The primary mission of BCOM’s medical curriculum is to produce osteopathic physicians who will reflect excellence in their practice and provide quality, patient-centered care. The curriculum integrates foundational biomedical and clinical knowledge, instills the principles and philosophy of osteopathic medicine, and teaches and nurtures the necessary skills graduates require to enter and succeed in any field of graduate medical education. BCOM’s clinical training curriculum is community-based in core hospitals and clinics, and provides for student education under the preceptorship of credentialed medical educator faculty.
BCOM’s curriculum employs an integrated, systems-based, application-oriented approach, and is designed to ensure graduates possess the knowledge, skills and competencies necessary to be successful osteopathic physicians. This is accomplished using several educational approaches, including:
- Traditional lectures
- Interactive integrative sessions (using electronic response systems)
- Laboratory and skills instruction
- Active learning utilizing adult and interactive techniques
- Team-based learning
- Large & small group sessions
- Directed study assignments
- Clinical case presentations
This variety of pedagogical approaches emphasizes individual student responsibility, and promotes an intellectual curiosity in students. The specific learning formats foster comprehension and application of knowledge, competency in osteopathic philosophy, development of clinical skills, and the stimulation of critical thinking and problem-solving skills.
Biomedically oriented courses are comprised of the traditional disciplines of biochemistry, cell & molecular biology, gross anatomy, histology, embryology, physiology, immunology, pharmacology and genetics, and are presented in an integrated structure organized by physiologic systems. Clinically oriented courses include basic clinical skills, osteopathic philosophy & manipulative skills, high fidelity medical simulations, standardized patient encounters, and early clinical experiences (shadowing). The first curricular year culminates with a course in the pathologic basis of disease, which prepares and helps transition students to the more clinically-oriented second-year curriculum.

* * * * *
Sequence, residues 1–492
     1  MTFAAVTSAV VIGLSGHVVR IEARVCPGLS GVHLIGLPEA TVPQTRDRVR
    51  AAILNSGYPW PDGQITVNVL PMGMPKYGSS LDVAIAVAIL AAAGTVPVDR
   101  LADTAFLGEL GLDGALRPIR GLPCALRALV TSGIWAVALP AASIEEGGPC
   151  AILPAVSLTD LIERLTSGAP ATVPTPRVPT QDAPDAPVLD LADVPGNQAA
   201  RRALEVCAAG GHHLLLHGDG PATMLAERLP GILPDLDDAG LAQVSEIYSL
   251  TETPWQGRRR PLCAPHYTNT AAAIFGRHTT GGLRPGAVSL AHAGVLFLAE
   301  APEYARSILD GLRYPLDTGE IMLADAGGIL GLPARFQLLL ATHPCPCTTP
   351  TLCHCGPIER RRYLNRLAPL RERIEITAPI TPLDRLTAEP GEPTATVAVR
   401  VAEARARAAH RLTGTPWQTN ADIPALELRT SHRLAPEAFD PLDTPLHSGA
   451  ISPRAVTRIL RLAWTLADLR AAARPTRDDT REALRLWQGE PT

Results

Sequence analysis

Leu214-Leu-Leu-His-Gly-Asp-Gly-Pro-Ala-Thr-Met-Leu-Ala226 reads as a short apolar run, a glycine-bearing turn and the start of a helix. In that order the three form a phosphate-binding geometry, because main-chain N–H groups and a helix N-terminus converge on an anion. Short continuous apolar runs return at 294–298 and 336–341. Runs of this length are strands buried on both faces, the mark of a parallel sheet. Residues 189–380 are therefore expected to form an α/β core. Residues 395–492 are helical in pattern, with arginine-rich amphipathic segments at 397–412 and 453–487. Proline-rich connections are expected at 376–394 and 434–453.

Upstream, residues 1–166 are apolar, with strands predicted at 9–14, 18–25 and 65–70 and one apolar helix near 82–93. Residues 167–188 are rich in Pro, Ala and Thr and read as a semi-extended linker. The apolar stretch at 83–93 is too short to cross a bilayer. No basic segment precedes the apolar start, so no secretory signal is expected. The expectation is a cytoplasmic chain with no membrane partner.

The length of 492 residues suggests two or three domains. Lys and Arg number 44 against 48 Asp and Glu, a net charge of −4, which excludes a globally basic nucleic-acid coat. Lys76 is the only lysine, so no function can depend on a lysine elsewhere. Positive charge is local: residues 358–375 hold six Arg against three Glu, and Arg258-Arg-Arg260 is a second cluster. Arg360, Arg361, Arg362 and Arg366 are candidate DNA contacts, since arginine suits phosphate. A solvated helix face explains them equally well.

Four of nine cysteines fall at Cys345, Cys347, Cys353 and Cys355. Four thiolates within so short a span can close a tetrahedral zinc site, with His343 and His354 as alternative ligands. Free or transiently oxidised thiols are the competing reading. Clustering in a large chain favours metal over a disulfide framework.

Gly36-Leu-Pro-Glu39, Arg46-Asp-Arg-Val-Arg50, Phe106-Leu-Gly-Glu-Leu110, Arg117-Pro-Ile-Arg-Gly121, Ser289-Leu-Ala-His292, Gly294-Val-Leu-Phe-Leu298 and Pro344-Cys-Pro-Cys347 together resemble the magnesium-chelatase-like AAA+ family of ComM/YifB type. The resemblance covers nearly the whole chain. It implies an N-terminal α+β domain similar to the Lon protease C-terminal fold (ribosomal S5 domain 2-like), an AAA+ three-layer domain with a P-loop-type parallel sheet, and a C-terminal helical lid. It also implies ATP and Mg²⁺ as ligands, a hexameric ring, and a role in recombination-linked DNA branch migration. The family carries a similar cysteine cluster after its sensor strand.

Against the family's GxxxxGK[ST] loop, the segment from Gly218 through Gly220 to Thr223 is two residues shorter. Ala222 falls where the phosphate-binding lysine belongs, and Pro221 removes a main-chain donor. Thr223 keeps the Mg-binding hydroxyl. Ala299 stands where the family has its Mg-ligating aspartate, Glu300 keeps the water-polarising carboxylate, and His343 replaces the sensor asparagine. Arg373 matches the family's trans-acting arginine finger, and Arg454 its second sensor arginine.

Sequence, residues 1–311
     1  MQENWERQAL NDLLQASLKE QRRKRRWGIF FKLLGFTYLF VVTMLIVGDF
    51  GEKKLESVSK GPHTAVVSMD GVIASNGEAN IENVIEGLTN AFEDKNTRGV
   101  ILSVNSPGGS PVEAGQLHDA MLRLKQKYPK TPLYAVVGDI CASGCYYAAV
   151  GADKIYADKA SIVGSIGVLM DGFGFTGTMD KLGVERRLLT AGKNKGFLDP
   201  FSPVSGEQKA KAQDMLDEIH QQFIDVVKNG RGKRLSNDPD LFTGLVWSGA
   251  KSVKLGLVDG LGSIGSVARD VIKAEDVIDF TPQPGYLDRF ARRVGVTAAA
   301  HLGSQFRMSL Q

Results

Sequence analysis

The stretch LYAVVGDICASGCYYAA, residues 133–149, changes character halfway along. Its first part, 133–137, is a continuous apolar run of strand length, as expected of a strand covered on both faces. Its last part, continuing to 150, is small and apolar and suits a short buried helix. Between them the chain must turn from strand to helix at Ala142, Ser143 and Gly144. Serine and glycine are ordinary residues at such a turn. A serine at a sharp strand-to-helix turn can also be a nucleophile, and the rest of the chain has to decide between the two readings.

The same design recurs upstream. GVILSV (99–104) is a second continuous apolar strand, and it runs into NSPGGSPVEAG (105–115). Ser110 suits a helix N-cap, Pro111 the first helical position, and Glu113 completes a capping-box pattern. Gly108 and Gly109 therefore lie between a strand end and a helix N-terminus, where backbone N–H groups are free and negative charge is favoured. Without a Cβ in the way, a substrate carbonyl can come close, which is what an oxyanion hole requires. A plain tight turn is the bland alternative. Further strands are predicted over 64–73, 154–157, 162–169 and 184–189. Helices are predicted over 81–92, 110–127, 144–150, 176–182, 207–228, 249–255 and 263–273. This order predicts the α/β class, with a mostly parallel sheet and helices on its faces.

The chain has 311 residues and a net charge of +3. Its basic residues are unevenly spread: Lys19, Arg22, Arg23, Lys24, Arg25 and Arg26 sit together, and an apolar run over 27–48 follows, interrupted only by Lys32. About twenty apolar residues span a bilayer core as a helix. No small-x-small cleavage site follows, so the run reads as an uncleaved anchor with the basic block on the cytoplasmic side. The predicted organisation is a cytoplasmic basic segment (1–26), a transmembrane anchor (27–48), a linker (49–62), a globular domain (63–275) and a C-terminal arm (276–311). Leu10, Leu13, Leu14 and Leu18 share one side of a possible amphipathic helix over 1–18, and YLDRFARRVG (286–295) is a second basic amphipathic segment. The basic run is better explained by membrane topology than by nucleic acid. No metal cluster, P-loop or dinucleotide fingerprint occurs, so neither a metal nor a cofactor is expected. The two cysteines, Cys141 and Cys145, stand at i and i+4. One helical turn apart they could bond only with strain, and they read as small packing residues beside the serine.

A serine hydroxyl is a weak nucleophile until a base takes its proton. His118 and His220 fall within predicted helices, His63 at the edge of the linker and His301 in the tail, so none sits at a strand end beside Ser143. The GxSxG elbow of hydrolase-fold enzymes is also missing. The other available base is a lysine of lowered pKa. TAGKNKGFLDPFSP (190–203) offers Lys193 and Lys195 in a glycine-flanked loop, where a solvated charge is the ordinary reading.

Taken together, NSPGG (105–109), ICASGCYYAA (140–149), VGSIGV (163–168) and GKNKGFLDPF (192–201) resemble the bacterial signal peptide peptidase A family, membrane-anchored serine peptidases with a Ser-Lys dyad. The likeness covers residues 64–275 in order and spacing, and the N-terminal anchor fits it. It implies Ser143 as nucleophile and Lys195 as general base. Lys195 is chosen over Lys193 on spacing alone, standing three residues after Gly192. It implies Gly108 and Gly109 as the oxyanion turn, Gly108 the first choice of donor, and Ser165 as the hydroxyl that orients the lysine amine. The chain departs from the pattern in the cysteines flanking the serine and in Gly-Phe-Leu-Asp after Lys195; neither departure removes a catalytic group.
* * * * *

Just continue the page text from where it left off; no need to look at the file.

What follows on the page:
The biomedically-oriented themes of Year One are replaced with clinically-oriented topics encompassing the clinical disciplines of nephrology, cardiology, pulmonology, immunology, gastroenterology, endocrinology, neuromusculoskeletal medicine, neurology, and psychiatry. The basic clinical courses commenced in year 1 (clinical practice skills, osteopathic principles and practice) are continued at a level consistent with, and topically correlated to, the clinical topics presented in the systems courses. A course in Pediatrics provides instruction in areas where medical practice in children contrasts importantly from adults. The second curricular year culminates with a review/overview course (Pathophysiologic Overview of Medicine) in preparation for the COMLEX I national board exam.
Students will complete six required core clerkships, delivered in nine blocks, as follows: Family Medicine (two blocks required) Internal Medicine (two block required) General Surgery (two block required) Pediatrics (one block required) Obstetrics/Gynecology (one block required) Psychiatry (one block required) Students are required to take one block (one month) as a vacation month, and one block as an elective month. The elective month may be used as a study month to prepare for the COMLEX II Exam.